Next up is “Cerberus” – the three headed dog who vigilantly guards the gates of Hades in mythological lore - gets good and heavy for starters. Mullins takes a line from a poem about the interconnectedness of humanity by John Donne, “For Whom the Bell Tolls.” Mullins’ words suggest a time when Hades and the devil’s hordes of demons will rule the earth, even though he doesn’t explicitly mention that in the lyrics, he hints at a time soon when Cerberus’ reckoning will come “and know, you shall feel his wrath.” The words to “Howl” were quite chilling – “I dwell in darkness / I haunt the spaces in between / maybe you can hear my breath in that urgent moment as you fall asleep.” I thought Mullins’ writing in the first person were effective and his words reminded me of those dark ‘80s metal masterpieces that kept me up all night, wondering what was lurking under my bed. A fantastic head banging moment comes about midway.
The last number is “Fawn” which I thought was the most prog rock sounding song, at least in the traditional way of the classics. The lyrics read like a letter written from an elder to a young person, giving them guidance and encouragement before they take leave to some far-off land, never to return. There is more hope and optimism in this number in my opinion – “but these days of dread won’t last forever / so don’t surrender your heart to despair / there’s beauty in this world beyond all measure.” I also thought this was Mullins’ most creative and dynamic song on the entire album. There are a lot of great parts to it, both softer and harder-edged moments with styles of prog rock and metal. There’s even a break with bass, drums and keys in the latter half of the song that give the album as a whole, a sort of concluding feel – a musical story that has reached its end.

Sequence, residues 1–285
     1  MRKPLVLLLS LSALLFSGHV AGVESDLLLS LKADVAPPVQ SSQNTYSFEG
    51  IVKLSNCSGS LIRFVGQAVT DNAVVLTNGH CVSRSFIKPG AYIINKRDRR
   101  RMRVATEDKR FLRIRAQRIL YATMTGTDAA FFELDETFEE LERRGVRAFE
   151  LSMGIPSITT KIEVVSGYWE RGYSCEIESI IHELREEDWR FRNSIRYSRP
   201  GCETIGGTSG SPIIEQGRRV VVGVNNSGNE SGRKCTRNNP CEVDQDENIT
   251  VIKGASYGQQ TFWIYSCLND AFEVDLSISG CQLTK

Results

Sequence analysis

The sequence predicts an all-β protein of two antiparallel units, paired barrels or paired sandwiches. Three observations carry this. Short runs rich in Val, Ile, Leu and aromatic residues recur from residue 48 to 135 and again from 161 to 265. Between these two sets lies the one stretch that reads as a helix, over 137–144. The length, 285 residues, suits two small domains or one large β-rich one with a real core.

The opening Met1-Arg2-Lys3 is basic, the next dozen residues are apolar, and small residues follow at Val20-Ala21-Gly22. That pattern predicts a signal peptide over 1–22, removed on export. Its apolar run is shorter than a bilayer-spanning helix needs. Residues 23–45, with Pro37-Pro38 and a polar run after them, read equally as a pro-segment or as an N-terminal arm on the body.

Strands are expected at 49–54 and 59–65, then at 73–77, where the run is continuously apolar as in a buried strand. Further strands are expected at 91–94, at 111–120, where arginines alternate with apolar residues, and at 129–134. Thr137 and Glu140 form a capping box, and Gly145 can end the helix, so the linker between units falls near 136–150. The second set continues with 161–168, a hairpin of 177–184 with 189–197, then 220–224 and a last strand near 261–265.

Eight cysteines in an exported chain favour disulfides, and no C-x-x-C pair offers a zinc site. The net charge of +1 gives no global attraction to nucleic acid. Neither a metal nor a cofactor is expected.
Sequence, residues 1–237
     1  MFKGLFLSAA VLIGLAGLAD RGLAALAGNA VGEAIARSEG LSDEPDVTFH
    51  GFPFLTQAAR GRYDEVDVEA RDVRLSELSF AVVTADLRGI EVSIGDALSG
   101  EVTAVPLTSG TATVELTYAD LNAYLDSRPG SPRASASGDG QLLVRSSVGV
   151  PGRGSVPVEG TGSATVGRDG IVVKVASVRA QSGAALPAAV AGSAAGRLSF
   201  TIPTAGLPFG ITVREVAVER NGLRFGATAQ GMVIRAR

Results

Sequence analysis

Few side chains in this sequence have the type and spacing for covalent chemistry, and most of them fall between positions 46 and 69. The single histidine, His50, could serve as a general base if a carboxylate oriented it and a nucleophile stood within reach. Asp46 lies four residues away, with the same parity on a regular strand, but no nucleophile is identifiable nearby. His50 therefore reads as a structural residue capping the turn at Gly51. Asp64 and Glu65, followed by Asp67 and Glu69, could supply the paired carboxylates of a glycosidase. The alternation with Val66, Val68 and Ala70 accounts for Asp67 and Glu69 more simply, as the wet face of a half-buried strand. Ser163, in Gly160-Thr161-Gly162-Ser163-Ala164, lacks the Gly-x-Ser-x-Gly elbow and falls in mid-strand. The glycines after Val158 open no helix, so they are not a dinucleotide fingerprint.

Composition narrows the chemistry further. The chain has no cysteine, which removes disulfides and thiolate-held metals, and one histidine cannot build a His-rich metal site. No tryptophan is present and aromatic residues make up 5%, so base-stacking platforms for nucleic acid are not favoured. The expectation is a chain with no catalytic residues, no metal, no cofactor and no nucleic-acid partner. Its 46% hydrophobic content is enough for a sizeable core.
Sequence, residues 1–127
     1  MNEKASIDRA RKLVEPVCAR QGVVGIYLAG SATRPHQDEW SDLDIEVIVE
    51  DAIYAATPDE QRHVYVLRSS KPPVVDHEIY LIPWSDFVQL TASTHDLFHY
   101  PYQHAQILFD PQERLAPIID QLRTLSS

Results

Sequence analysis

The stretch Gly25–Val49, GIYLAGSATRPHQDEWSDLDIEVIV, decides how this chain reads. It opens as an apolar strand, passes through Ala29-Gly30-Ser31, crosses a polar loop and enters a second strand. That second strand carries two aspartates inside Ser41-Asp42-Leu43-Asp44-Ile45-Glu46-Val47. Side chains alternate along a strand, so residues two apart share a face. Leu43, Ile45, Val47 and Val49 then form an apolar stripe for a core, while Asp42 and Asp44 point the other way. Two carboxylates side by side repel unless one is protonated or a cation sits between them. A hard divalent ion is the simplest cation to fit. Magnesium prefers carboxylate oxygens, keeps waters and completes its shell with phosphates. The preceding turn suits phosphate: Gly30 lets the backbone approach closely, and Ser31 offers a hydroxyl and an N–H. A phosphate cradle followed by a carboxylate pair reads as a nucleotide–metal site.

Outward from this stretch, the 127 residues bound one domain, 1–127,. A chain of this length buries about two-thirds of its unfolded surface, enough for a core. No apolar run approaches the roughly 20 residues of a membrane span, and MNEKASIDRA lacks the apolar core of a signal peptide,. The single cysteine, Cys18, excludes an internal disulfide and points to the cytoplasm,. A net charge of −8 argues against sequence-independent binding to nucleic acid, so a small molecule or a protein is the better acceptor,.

If you like progressive rock and metal with imaginative lyrical stories from the ancient past, as well as visions of an apocalyptic future, stay a while, and give The Animal State’s Genus a listen.
Roy Shiels is an independent musician and songwriter from the seaside town of Rush, north county Dublin, Ireland. He is proficient in playing the guitar, bass, drums, one-finger piano and singing. He creates, performs, produces and records alt rock & acoustic music. The artist released his debut studio album entitled Big Kiss.
Shiels plays rock n’ roll. Each song on this album is brimming with catchy hooks and an upbeat fervor. With tight musicianship and on-point vocals, Big Kiss shines with a brightness that is certainly ear-catching. These rock tunes will stay in your head long after the record has stopped spinning.
Big Kiss opens with “The Lonely Eye” where the music is full-on and impactful. Following is “Farewell To Youth,” where the wave of guitars gushes forth creating a wall of sound. The vocals are urgent. This is a driven anthem.
Catchy riffs and melodious sounds from the guitars add a striking cadence to “Tragic Romance.” This song is a definite highlight.